The merlin (Falco columbarius) is a small yet sturdy falcon. It is slightly larger than the more familiar American kestrel (Falco sparverius). It can be differentiated from the kestrel by its lack of prominent facial markings and more aggressive and powerful flight. In North America, it breeds mainly in the boreal forests of Canada and Alaska. It occurs in California as a passage migrant and winter resident, mainly from September through April. Although most individuals winter in North America, some migrate as far south as Venezuela, Colombia, Ecuador, and northern Peru. This species is fast and agile on the wing. It preys mainly on small birds, which it catches in midair. The merlin is such an adept flier that it even snatches dragonflies in flight, consuming them on the wing during migration.
Over the past several years, colleagues from the University of California Davis (UC Davis), U.S. Geological Survey (USGS), Hawkwatch International, Golden Gate Raptor Observatory, as well as independent raptor biologists and I have been investigating the genetic relationships of the three North American subspecies of merlin. These subspecies include the black merlin (F. c. suckleyi) (Figure 1), taiga merlin (F. c. columbarius) (Figure 2), and prairie merlin (F. c. richardsonii) (Figure 3). These subspecies have distinct plumage characteristics and breeding ranges. The black merlin is the darkest of the subspecies and breeds in the Pacific Northwest and southeast Alaska. The taiga merlin is intermediate in plumage and breeds from Newfoundland to Alaska. The prairie merlin is the palest of the subspecies and breeds in central Canada and the north-central United States. This geographic plumage pattern is an example of what ecologists call Gloger’s rule. Gloger’s rule states that among warm-blooded animals, darker forms tends to occur in more humid environments, and paler forms tend to occur in more arid environments.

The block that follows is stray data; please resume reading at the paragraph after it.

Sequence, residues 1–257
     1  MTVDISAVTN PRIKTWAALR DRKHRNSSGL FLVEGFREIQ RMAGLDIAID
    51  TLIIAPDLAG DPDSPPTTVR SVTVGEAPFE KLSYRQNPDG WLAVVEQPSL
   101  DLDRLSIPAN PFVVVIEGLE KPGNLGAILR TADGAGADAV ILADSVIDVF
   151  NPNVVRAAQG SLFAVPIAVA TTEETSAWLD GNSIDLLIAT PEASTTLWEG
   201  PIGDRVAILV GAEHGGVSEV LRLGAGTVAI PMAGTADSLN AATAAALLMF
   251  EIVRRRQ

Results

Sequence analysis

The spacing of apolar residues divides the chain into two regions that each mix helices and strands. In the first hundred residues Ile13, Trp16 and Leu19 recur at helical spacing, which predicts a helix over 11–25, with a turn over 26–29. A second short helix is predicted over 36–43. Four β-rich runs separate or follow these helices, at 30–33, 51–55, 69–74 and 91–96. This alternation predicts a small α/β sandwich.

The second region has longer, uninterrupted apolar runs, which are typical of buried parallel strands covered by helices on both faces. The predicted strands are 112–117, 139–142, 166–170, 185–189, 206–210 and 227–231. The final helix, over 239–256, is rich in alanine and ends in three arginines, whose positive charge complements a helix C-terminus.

For genetic analysis, we collected small contour feathers, which we gently plucked from captured birds at 13 locations across the United States. These locations represent the major migratory flyways—Pacific, Intermountain, Midwest, and Atlantic—which merlins use on their way to their wintering grounds.
As part of this effort, I collected merlin feather samples during three fall migration seasons along the Atlantic flyway at Fisherman Island National Wildlife Refuge in Virginia. Fisherman Island is a 1,850-acre island just south of the Delmarva Peninsula. The geographic position of the island makes it an ideal location to study raptor migration.
Most raptors avoid open water during migration because flying over water is more energetically demanding than flying over land. Solar radiation off the earth’s surface creates updrafts of warm air, which allow migrating raptors to glide and maintain height without flapping their wings excessively. As migrating raptors make their way down the Delmarva Peninsula, they encounter a tapering landmass, which funnels them to Fisherman Island (Figure 4). When merlins and other raptors reach the island, they are faced with a difficult migratory decision—head back north and find an alternative route over land or make the energetically demanding 15-mile flight across the mouth of Chesapeake Bay. At this critical decision point, large numbers of migrating raptors “pile” up on the island before continuing their southward journey. This pileup can be spectacular, with up to several hundred merlins passing through on a single day during the peak of migration. As individuals are largely solitary during the rest of the year, seeing these kinds of numbers in one place is mind-blowing.
The merlin feather samples were processed at a USGS lab in Anchorage, Alaska, and population genetic analyses are currently underway at UC Davis. By analyzing the feathers we hope to better understand how merlin subspecies originated and what aspects of this falcon’s ecology, behavior, and evolution help maintain its genetic diversity.
—Joe Medley, Staff Scientist